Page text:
By Bill Leonard
At a Baptist gathering several years ago I was approached by an intense, well-meaning, recent seminary graduate (aren’t they all intense and well-meaning?) who rushed up and declared: “I’ve just seen Dr. James Dunn and he looked so thin and boney! I’m really worried about him!” “Not to worry,” I replied, “he’s looked like that for 40 years.”
James Milton Dunn, Baptist preacher, professor, ethicist, religious liberty advocate, prophet and relentless pain in the American religious and political establishment, died a little after noon on July 4, 2015, at the age of 83. If you know anything about him at all, you know that James Dunn was a Baptist phenomenon, in his own words a “Texas-bred, Spirit-let, Bible-teaching, revival-preaching, recovering Southern Baptist.”
He’s had a varied, if not at times checkered, career beginning as a pastor in Weatherford, Texas, then a campus minister at West Texas State University (now apparently part of the Texas A&M system); then a stint as director of the Texas Baptist Christian Life Commission, a social action group that fought racism, poverty, gambling, liquor and other ethical concerns. (I don’t think they formally battled against dancing and movies, but I never asked him about that.)
Then he moved to Washington, D.C., as executive director of the Baptist Joint Committee on Public Affairs, now the BJC for Religious Liberty, a lobbying agency and think tank connected to multiple Baptist groups around the country. Retiring there after 19 years of service, he joined the faculty of the fledgling School of Divinity at Wake Forest University, as Resident Professor of Religion and Public Policy, an adjunctive position he kept until 2014.
I was dean of the school during some of those years and am pleased to have had a part in convincing the Dunns, James and Marilyn, to stop commuting from Washington and settle in Winston-Salem for the duration. At WFU Dunn taught Christian ethics, church/state, religion and public policy, and “God and the New York Times: Religion in Contemporary America,” a course we taught together for several years — one of the most fun courses I ever taught.
Our lives intersected in so many ways. The Leonards, Candyce and Bill and the Dunns, James and Marilyn, all attended Fort Worth’s Paschal High School, but some 15 years apart. Candyce, James and I also graduated from Texas Wesleyan while Marilyn sold out and went to Baylor! James and I both have degrees from the Baptist seminary in Fort Worth.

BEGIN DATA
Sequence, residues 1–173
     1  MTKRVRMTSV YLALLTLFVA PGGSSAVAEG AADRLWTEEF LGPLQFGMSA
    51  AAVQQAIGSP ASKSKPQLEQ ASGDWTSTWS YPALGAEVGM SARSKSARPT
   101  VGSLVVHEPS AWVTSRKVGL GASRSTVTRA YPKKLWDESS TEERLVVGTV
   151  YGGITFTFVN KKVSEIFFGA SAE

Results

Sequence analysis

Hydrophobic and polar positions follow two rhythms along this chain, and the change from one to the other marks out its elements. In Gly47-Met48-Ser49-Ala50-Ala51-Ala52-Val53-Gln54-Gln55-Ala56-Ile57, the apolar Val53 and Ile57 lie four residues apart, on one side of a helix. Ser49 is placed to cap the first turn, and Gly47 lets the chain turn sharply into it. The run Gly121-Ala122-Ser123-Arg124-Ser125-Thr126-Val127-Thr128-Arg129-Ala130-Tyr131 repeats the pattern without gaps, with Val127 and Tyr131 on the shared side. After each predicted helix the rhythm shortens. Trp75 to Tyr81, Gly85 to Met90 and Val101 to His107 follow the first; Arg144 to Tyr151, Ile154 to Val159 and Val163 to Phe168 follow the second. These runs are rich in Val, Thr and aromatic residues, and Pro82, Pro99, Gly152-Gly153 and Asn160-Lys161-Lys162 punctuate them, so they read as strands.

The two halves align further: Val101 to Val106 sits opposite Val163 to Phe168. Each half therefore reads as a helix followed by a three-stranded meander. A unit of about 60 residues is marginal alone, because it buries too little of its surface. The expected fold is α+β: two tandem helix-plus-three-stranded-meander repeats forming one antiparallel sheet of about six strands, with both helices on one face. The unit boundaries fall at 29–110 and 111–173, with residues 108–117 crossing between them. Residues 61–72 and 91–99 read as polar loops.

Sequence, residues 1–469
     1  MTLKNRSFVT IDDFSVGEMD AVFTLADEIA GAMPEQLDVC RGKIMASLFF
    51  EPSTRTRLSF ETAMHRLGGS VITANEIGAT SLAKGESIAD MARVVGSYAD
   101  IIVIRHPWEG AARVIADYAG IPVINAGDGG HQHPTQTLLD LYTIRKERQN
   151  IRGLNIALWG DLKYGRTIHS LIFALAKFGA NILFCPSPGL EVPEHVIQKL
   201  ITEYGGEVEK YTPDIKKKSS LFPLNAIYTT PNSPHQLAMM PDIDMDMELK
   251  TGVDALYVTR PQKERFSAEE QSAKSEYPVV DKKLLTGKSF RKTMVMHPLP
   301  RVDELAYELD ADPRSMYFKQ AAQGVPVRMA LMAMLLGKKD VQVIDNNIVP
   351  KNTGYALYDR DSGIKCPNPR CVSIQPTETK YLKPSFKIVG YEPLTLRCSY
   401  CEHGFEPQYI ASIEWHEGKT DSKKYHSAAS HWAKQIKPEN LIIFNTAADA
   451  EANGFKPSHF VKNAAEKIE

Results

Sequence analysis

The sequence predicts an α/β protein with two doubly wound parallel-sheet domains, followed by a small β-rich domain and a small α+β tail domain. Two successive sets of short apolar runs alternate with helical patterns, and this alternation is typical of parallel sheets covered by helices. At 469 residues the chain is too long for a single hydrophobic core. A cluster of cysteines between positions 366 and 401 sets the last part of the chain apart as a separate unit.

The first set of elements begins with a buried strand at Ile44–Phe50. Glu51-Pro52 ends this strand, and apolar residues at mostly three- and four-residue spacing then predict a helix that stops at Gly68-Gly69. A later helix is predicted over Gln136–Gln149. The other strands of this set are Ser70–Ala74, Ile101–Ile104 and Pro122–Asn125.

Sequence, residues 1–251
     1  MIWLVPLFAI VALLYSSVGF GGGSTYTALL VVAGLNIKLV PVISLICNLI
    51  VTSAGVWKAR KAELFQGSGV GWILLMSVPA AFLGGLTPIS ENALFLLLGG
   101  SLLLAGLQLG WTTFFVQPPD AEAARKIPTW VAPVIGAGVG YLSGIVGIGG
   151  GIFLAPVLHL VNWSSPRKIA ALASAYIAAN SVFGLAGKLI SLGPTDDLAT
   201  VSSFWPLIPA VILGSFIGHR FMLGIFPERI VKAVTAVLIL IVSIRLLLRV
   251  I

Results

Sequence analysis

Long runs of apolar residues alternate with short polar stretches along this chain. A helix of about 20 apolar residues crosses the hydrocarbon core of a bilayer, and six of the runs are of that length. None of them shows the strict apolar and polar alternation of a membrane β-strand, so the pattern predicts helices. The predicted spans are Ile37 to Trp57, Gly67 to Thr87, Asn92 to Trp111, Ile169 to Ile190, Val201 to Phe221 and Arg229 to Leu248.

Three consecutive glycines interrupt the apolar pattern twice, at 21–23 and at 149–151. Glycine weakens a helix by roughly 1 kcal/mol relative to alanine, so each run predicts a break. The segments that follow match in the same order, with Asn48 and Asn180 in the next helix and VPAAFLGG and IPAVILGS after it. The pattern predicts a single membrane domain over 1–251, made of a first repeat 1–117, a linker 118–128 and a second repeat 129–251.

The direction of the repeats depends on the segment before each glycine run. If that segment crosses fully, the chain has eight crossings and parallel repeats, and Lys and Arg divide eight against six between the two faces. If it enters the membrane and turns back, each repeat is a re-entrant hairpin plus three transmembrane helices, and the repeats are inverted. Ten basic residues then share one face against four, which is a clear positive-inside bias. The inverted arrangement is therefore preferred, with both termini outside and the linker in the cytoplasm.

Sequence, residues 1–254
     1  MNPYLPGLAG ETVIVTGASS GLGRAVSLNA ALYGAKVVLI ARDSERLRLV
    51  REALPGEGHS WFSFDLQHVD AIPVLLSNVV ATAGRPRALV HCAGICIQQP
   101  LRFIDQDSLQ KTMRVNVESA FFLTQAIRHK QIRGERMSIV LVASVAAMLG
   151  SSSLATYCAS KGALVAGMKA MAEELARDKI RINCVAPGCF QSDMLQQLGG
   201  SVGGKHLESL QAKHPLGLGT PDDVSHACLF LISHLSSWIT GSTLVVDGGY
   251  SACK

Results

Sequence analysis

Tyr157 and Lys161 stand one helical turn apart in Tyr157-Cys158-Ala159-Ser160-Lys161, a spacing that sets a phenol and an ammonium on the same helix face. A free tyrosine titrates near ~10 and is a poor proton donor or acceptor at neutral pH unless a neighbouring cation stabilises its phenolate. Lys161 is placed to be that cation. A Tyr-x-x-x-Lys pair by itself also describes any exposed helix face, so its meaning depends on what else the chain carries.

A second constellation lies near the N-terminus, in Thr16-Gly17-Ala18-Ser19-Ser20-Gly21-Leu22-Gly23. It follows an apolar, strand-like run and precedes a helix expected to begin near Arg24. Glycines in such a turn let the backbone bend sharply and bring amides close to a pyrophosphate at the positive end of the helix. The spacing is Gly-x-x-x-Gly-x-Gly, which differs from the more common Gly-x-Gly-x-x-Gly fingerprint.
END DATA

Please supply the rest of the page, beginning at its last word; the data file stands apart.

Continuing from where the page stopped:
But before all that, I first heard him speak at a Baptist meeting when I was 9 years old. It was at the Royal Ambassador (Baptist Boy Scouts) Congress in Abilene, Texas, when I was 9 and he was in his early 20s. (I miscalculated the date when I wrote the Forward to Aaron Weaver’s excellent 2011 biographical study titled James M. Dunn and Soul Freedom). I don’t remember hearing him, but I found the program in some papers my mother had kept and discovered that he was on the program of the RA Congress. We actually became acquainted decades later when I was finishing Boston University and he was speaker for an event at the Metropolitan Baptist Church in Cambridge in January 1975. He found out I was on my way to teach at the Baptist seminary in Louisville, we stayed in touch, and the rest is history.
Our friendship deepened when the “Baptist Battles” struck within the Southern Baptist Convention — I a young, naive liberal, Dunn a seasoned progressive warhorse whose outspoken comments on public policy, church/state issues and denominational politics made him a lightning rod for conservative criticism and the SBC’s break with the Baptist Joint Committee in 1990. One memorable line, flashed across the Internet after his death declared: “Seems like everybody wants a theocracy and everybody wants to be theo.” In those years he taught me not to be afraid to say what you believe; claim your conscience; and let the gospel fall where it may. I’m not nearly as fearless as he, but (as he would say) I learned how to gird up my theological loins and get on with it.
Dunn’s sense of conscience was grounded in his own unashamed (mostly) identity as a Baptist. Mirroring his Baptist forebears, Dunn insisted that neither state nor state-privileged church might coerce the conscience of the heretic or the atheist. But since churches and states often demand that privilege, dissent for conscience’ sake is essential. Dunn was nothing if not a dissenter.
Several years ago a couple I’ve known for years brought their older son to look over WFU. Dunn and I took them to lunch and Dunn told all kinds of stories about American politics and religion. Their younger son, a preteen, was also along, and when lunch was over the family walked back across the WFU quad. Then the younger son blurted out: “You know that old guy we just had lunch with? When I get old I want to be just like him!”
So do we all, James, so do we all. I’d tell you to rest in peace, but it wouldn’t do any good, even in eternity.